It is also conceivable that the various small artisan group and cottage industries making dolls during thi period were experimenting with different materials and construction method in an attempt to compete with larger companies beginning to use more standardized and mechanized means of production. In some cases, pictures and descriptions in catalogs of the period or compari on of unique painting tyle or other signature features support the attribution of doll to particular makers. However, the specific origin of most alien head doll remain a mystery.

In my ongoing quest for these intriguing dolls, I have come across approxjmately sixty example . I have managed to acquire qwte a few for my own collection, but have also located a number in the collections of friends and acquaintances who have generously allowed me to photograph their dolls for this article. By observation, I have identified three major subcategories of alien head dolls:

1. Dolls with molded hair

2. Dolls with molded bats

3. Dolls with applied wigs

Alien Head Dolls with Molded Hair

Figs. 19-21 - The rarity factors for this 7-inch alien head lady include her larger size, more finely characterized features, and highly detailed regional costume. Author's collection

Dolls with molded hair are the ones most traditionally associated with the term "alien head" and are the most frequently found type. The most common dolls in this category are tiny in size (3-5 inches) and have very simply molded and painted facial features and hair. Examples include the 3½-inch tall gentleman in his fanciful costume shown in Figs. 7 and 8 and the three 4-inch nuns shown in Fig . 9-12.

Less frequently found are lady dolls with more detailed and elaborate molded hairdos resembling those of the larger papier­macbe doll heads typically appearing on milliner model type bodies. The 3½-inch and 5-inch alien head ladies in Figs. 13-16 are of the usual very small size and have tbe common simple painting of facial features, but their molded bun and topknot make them somewhat rarer. Fig. 17 shows a grouping of three 3-5-inch alien head ladies, the smaller two of which are more simply molded and painted, and the largest of which has more visible modeling to her hairdo.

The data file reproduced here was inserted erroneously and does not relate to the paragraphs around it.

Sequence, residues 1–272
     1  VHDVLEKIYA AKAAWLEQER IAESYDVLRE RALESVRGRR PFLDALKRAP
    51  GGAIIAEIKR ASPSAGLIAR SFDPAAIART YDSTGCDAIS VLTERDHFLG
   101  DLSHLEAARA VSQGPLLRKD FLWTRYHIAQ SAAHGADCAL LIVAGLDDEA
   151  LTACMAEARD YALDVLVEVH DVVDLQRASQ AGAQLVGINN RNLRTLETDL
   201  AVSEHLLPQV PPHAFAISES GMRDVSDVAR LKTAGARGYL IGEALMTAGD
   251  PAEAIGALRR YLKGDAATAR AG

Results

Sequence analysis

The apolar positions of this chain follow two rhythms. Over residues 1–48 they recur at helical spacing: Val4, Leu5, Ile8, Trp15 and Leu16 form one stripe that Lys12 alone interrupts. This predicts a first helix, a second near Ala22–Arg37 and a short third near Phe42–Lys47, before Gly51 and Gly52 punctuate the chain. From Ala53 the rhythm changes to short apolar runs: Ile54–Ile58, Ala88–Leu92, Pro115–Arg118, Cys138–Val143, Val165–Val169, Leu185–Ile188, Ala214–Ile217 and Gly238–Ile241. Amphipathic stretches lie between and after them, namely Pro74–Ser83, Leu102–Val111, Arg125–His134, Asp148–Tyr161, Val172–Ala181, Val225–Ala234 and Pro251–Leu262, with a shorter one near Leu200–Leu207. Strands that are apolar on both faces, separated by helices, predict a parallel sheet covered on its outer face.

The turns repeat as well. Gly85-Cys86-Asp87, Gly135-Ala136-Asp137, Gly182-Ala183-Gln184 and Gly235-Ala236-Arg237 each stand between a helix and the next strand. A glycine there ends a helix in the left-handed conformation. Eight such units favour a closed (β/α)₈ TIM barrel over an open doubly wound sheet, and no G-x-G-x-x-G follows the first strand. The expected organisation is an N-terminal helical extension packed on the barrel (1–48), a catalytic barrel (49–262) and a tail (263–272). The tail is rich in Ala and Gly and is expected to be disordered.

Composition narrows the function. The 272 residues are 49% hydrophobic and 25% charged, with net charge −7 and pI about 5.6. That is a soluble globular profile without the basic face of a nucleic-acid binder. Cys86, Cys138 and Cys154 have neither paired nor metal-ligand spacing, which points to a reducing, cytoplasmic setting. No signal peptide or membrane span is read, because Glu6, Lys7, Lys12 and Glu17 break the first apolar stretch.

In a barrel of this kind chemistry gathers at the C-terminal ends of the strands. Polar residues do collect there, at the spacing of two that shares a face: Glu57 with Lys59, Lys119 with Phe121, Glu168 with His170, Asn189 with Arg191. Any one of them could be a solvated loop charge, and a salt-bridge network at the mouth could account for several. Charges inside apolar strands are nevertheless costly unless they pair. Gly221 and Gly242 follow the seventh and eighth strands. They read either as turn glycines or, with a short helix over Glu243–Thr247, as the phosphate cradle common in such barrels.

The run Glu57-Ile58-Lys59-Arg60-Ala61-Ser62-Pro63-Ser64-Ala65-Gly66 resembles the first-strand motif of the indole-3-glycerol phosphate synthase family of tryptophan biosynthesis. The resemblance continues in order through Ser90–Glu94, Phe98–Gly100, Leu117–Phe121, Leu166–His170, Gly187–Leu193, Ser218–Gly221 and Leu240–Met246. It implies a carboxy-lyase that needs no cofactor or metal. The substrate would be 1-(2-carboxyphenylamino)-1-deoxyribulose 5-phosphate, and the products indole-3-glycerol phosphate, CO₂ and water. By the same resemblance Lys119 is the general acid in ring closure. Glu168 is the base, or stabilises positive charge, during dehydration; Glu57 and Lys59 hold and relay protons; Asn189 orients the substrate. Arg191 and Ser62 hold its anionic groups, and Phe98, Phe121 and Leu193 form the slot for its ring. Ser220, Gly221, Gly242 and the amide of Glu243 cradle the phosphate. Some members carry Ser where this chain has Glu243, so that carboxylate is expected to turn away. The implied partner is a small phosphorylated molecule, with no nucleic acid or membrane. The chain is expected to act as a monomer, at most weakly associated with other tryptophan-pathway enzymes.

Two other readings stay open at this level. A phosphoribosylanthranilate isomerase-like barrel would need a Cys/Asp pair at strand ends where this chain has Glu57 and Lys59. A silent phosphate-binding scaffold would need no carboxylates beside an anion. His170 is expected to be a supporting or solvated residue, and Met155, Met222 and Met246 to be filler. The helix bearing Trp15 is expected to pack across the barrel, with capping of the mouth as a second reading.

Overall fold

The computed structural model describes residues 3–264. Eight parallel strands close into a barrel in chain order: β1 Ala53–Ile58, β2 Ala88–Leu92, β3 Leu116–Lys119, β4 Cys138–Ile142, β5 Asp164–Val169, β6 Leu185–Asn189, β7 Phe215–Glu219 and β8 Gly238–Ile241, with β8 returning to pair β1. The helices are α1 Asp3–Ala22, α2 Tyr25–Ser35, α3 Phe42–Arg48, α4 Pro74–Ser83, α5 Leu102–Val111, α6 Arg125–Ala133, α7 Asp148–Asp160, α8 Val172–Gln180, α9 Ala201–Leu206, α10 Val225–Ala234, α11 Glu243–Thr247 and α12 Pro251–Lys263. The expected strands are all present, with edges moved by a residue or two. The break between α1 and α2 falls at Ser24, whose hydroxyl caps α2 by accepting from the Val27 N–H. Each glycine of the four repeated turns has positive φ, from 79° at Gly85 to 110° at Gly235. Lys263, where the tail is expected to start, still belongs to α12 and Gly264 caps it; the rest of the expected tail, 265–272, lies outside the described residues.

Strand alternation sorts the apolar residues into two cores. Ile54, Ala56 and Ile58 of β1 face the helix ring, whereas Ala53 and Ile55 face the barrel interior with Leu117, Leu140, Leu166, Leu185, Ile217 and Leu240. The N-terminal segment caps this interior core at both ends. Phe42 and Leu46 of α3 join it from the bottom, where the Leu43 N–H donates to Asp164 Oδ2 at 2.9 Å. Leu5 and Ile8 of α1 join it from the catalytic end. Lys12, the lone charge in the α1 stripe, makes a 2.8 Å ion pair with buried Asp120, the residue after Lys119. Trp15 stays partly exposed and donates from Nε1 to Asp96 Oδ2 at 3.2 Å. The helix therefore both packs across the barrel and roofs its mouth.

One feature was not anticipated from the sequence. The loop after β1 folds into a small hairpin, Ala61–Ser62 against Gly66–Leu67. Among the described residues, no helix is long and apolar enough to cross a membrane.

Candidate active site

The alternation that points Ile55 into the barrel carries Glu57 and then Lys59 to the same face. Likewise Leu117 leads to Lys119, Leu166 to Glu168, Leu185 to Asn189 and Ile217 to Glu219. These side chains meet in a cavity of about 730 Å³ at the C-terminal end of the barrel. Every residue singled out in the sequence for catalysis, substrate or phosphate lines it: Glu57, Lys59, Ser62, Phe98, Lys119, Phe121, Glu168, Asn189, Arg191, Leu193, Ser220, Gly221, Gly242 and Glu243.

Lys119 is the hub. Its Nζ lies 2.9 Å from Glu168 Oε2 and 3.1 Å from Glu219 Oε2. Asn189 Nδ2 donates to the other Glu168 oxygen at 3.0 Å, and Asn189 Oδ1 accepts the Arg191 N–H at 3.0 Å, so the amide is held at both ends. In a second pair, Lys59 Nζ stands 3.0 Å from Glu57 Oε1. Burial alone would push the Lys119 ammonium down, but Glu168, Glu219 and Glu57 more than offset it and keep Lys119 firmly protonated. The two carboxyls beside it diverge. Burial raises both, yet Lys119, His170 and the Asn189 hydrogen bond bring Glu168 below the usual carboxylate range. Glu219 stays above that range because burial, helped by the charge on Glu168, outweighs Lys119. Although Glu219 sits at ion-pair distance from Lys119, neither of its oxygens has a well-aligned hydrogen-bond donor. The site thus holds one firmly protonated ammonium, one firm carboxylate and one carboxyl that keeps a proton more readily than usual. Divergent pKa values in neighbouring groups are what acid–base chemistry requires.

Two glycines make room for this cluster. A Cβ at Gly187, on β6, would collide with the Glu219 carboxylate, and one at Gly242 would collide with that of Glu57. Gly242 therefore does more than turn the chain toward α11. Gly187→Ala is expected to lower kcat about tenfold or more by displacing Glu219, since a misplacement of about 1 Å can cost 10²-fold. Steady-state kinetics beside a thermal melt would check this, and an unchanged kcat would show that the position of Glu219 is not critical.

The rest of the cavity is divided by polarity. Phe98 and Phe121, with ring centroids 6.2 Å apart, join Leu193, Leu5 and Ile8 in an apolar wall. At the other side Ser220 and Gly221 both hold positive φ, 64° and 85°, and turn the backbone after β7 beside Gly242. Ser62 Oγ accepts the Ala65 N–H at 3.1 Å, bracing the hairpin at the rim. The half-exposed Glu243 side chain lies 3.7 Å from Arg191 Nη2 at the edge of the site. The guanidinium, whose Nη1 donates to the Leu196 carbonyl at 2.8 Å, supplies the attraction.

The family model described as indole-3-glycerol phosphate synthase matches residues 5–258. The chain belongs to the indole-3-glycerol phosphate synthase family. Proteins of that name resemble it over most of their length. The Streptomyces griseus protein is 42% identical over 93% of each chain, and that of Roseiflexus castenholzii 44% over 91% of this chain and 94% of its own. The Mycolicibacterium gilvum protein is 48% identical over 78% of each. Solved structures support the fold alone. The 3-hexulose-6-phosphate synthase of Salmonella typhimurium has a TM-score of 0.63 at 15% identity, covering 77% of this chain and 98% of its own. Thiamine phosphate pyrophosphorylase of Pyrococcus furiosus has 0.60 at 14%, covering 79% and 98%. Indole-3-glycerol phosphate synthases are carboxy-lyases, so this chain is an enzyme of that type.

The most exclusive dolls in this category are even larger and more detailed, sometimes having beads that closely resemble the more commonly found papier-mache dolls without jointed wooden bodies. The 7-inch doll in Figs. 19-21 wears a highly detailed original folk costume from the Vierland region of northern Germany. She has molded hair;

the tiny real hair braids visible in Fig. 21 are affixed to her hat. For comparison, Fig. 22 pictures this doll alongside her similarly costumed 14-inch non-alien head "big sister." The larger doll bas been attributed to Lowenthal & Company, one of the few doll factories located in northern Germany. It is possible that her smaller, alien head relative was also produced there.

Top left. Fig. 22- The two "Vierlander sisters" side-by-side. Author's collection. Right. Figs. 23-24 - This 10-inch archangel has a female hairdo typically found on Kestner milliners model type dolls of the 1840s. Author's collection Bottom left. Figs. 25-26 -A rare 6-inch alien head with applied hemp hair extension, probably by Johann Friedrich Muller. Author's collection

The 10-inch doll in Figs. 23 and 24 is uncommonly large for an alien head doll. The female head has a typical 1840s hairstyle with a high bun and "spaniel ear" braided side curls, but the doll is unusually dressed as a warrior archangel with leather armor and metal wings and shield. Papier-mache heads with similar hairstyles can frequently be found on milliners model type bodies on dolls from this same period produced by Johann Daniel Kestner's factory.